“We have to really love what we’re bringing to other people,”
she says. “Otherwise, it just doesn’t work. [Lighting] done well can take a very modest-looking space and turn it into a jewel.”
Indeed, Tepper says, it’s Wolf’s seasoned eye that makes her so good at what she does.
“Karen is an accomplished painter and sculptor, so she brings this wonderful sense of design to the table when she’s selling,” he says. “If she has a ceiling fan from the Art Nouveau period, she’ll stop her pitch and go into the movement’s history. She presents product better than anyone I’ve ever heard; other salespeople will follow her around just to hear how she does it. Phrases she’s used creep into my own sales presentation.”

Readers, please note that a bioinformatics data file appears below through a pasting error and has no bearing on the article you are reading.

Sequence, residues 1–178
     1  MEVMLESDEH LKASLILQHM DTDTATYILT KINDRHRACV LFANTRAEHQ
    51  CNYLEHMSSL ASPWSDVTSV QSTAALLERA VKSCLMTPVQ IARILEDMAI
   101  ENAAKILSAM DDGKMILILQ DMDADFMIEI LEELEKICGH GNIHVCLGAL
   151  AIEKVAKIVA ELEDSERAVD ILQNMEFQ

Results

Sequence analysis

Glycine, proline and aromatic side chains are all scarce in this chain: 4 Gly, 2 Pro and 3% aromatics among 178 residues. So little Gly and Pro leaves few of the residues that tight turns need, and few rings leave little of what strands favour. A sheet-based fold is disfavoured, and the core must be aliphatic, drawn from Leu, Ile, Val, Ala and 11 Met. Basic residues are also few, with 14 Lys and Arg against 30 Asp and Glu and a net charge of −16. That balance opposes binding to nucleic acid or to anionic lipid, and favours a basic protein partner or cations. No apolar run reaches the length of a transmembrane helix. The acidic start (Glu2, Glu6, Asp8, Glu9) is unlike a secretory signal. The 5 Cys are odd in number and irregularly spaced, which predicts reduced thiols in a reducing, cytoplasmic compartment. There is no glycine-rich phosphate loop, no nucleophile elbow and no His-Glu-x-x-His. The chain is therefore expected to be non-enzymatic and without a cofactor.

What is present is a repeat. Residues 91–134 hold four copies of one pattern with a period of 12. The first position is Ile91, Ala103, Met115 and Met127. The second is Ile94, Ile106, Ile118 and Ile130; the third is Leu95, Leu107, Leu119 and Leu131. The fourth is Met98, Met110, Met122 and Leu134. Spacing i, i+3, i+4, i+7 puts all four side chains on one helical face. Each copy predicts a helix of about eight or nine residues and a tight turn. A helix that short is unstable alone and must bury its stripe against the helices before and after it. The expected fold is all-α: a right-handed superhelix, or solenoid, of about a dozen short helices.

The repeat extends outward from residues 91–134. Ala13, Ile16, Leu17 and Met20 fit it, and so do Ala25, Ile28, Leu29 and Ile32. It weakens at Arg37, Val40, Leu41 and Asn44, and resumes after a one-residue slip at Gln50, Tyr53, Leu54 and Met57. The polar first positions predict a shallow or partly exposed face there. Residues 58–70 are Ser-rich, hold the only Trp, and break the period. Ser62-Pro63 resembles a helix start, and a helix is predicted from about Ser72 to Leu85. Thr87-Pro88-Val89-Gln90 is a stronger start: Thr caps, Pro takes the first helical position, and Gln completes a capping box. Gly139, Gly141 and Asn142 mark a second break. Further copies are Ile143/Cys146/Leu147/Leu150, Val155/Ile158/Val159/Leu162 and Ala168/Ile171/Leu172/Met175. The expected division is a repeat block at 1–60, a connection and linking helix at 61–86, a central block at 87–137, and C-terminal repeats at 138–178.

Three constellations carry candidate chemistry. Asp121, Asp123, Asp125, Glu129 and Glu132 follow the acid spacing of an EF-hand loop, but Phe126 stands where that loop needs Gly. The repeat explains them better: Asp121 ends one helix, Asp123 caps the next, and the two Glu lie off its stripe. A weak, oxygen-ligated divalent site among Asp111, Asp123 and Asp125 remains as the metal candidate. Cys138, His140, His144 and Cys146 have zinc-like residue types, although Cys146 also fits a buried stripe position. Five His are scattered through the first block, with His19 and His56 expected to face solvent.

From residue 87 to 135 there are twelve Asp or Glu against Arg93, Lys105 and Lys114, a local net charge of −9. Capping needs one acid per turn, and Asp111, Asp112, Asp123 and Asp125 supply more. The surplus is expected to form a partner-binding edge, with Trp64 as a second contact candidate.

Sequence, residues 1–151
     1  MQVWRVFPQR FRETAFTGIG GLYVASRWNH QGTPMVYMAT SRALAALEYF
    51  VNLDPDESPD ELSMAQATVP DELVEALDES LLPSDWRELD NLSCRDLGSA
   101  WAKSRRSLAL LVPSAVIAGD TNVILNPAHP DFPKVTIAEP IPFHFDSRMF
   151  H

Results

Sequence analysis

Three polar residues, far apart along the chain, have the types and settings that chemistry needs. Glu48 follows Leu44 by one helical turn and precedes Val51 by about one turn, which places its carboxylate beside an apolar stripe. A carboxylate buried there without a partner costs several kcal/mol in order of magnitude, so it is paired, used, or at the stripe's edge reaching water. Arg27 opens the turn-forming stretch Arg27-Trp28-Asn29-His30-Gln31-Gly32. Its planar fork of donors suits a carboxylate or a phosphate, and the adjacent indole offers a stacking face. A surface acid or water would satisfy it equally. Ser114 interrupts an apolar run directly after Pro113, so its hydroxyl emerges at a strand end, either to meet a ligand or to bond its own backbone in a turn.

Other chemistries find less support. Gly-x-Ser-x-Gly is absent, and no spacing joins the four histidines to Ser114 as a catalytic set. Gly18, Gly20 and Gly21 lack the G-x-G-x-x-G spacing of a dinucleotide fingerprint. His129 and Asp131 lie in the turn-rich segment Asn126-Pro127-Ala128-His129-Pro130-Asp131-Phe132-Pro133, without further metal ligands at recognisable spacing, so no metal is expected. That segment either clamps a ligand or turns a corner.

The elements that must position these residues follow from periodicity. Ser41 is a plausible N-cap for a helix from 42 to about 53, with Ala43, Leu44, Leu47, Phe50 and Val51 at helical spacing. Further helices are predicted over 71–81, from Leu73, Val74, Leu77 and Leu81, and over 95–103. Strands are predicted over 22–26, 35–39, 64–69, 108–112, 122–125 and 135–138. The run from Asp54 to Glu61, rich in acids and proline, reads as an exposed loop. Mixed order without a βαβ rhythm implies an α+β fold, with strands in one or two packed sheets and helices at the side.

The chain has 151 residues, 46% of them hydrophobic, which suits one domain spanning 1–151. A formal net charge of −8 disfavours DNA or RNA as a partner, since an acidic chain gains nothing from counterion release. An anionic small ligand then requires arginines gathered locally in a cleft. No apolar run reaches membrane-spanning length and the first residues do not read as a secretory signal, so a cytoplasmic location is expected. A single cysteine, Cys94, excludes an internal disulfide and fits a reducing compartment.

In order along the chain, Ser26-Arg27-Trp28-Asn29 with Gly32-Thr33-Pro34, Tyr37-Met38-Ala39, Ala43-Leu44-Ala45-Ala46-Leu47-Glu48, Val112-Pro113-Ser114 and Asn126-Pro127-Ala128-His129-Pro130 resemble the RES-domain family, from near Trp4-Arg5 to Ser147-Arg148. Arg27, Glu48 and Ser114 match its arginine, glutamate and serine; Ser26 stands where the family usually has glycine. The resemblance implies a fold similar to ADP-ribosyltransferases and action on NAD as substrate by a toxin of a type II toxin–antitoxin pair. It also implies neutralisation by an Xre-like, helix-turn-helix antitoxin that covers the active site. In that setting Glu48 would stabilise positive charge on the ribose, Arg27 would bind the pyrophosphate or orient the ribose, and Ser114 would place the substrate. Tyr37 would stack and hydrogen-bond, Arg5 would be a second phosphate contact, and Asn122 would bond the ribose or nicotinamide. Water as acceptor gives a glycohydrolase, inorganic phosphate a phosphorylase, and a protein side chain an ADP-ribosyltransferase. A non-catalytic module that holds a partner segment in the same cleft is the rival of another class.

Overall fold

Casablanca’s Scott Torontali agrees. He, after all, originally nominated Wolf for the Industry Leadership Award, and he gets emotional when he talks about his reasons for doing so. “Karen has this tremendous transfer of enthusiasm,” he says. “She’s so [energized about] her products that she gets others excited about them. She challenges you to be better.”
In truth, Wolf looks beyond lighting’s individual members, challenging the industry, actively seeking causes to champion. She follows through, too—a fact made abundantly clear to Maryland’s legislators just last year. In 2004, the state passed a law of which most of its retailers were unaware that mandated all ceiling fans sold meet specified energy-efficiency require-ments by March 1, 2005. The problem? Manufacturers weren’t making enough Energy StarÂ®-rated products; the effects of the regulation would have devastated too many showrooms. Wolf notified her dealers and, along with colleagues from the American Lighting Assn., Annapolis Lighting and other area dealers, testified before state House and Senate committees.